We believe that a more direct recruitment strategy, that integrates recruitment services into diagnosis and care pathways, is required. This should include:

  • Informing patients about research recruitment services as a standard requirement at the point of diagnosis. While the Dementia Core Skills Education and Training Framework [9] does outline expected skills for healthcare practitioners it is not explicit about the potential of Join Dementia Research. Health Education England should establish a national training programme for this purpose, which would help to embed a culture of research across the health service.
  • Appropriate support for patients and carers during the enrolment process and clinical trial procedures. Carers and care staff in particular should have adequate support for facilitating involvement as a patient’s condition deteriorates.
  • Increasing opportunities for volunteers to qualify for research participation through additional funding for dementia research studies.

1 2020 prevalence figure of 975,000 taking from OHE Trajectory. At current diagnosis rate of 69%, people diagnosed with dementia = 672,750. 10 % recruitment = 67,275.


[1] Department of Health (2015) Prime Minister’s challenge on dementia 2020.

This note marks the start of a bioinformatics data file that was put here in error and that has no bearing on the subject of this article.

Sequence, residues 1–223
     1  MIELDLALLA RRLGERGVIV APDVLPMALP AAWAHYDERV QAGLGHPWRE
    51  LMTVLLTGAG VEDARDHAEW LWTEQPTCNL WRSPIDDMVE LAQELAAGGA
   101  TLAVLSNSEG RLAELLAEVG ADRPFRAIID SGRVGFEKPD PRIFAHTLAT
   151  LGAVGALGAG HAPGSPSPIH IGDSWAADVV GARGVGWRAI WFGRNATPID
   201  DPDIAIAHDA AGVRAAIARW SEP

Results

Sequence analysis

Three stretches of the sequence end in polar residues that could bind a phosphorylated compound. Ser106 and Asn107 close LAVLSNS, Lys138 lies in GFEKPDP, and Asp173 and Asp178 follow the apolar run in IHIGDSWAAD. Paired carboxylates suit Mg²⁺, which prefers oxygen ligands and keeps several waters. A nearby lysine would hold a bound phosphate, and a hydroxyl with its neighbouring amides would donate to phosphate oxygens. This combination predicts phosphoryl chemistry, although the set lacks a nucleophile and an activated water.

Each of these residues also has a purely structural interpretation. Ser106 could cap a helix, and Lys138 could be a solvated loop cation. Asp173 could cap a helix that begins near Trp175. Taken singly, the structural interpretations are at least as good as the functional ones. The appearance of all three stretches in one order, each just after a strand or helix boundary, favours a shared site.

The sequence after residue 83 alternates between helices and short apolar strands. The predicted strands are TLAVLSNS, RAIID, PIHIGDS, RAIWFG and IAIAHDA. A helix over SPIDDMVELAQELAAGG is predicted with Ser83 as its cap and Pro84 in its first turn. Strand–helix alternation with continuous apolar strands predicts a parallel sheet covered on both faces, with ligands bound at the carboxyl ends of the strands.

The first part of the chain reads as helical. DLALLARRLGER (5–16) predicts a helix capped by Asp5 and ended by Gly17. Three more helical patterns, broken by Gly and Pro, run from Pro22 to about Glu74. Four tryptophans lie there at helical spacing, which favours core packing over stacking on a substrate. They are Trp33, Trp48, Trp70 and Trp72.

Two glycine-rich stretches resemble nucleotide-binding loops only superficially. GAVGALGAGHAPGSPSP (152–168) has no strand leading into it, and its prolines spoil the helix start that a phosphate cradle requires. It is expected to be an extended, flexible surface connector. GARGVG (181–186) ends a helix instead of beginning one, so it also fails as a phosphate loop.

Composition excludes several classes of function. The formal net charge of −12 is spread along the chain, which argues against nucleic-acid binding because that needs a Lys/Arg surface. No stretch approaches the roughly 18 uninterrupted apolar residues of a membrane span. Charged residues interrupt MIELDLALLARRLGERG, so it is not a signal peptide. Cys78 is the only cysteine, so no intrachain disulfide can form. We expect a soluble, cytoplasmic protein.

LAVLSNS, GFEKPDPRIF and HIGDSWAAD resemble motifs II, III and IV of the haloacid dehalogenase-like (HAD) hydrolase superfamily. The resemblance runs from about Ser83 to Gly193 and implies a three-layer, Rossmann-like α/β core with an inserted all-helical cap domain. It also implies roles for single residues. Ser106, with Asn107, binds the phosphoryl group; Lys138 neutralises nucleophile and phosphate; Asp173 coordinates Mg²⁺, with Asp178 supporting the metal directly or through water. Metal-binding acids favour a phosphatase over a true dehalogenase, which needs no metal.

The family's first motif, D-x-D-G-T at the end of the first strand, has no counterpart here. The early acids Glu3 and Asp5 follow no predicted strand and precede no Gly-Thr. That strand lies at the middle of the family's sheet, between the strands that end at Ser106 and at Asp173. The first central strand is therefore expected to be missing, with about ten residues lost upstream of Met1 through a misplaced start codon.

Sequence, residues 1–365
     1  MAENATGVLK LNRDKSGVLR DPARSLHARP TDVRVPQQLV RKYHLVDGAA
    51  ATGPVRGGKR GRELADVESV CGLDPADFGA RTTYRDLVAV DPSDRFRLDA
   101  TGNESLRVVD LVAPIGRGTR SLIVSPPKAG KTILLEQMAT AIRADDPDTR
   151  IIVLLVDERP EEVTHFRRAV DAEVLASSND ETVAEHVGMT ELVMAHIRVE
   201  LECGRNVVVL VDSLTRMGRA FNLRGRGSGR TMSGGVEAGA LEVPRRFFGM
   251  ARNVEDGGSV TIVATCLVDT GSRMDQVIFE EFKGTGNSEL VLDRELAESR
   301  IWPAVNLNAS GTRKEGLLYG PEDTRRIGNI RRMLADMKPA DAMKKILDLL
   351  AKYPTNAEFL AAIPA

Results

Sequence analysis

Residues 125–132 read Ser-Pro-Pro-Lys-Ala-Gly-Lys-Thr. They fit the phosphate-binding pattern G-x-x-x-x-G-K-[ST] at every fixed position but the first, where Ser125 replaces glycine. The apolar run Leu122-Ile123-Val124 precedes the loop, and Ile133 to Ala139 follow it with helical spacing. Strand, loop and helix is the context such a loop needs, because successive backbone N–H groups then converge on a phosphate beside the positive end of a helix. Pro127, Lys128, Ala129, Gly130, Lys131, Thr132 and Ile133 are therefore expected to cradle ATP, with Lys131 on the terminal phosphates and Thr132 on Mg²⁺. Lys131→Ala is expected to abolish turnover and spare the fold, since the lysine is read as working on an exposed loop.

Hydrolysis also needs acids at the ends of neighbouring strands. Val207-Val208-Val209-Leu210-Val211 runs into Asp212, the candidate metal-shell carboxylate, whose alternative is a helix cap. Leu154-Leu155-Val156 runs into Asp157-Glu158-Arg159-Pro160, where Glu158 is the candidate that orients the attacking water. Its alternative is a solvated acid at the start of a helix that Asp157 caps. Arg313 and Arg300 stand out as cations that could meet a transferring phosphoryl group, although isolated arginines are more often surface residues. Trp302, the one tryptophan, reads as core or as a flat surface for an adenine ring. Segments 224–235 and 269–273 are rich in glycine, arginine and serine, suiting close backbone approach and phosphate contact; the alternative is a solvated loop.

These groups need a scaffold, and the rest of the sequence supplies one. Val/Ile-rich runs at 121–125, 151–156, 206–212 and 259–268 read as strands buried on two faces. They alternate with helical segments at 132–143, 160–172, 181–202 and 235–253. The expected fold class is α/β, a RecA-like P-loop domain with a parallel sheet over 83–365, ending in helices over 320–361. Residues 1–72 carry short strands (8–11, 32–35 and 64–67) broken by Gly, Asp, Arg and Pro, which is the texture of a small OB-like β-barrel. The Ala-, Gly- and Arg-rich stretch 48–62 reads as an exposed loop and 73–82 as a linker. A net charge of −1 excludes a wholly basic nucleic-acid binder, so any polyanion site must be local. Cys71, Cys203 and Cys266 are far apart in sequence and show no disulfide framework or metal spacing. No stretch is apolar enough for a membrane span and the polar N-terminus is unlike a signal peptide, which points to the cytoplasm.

[2] Data obtained from NIHR. This figure does not include people recruited through private studies, non-NIHR portfolio research or those registered to peripheral recruitment services such as Brains for Dementia Research or Join Dementia Research.

[3] Alzheimer’s Research UK Statistics Hub. Accessed 07.08.2018.

[4] CRUK (2015) Every patient a research patient?

[5] NIHR Clinical Research Network survey (2014).

[6] YouGov survey conducted on behalf of Alzheimer’s Research UK (2015). Total sample size was 2,227 adults and fieldwork was undertaken between 29-30 January 2015. The survey was carried out online. The figures have been weighted and are representative of all UK adults (aged 18+).

[7] Jones, R et al. (2010) Physicians and caregivers: Ready and waiting for increased participation in clinical research. Journal of Nutrition, Health & Aging 14(7):563-568.

[8] Alzheimer’s Disease International (2014) Participation in dementia trials and studies.

[9] Skills for Health (2015) Dementia Core Skills Education and Training Framework.


Reviewed: January 2020

Review by: January 2021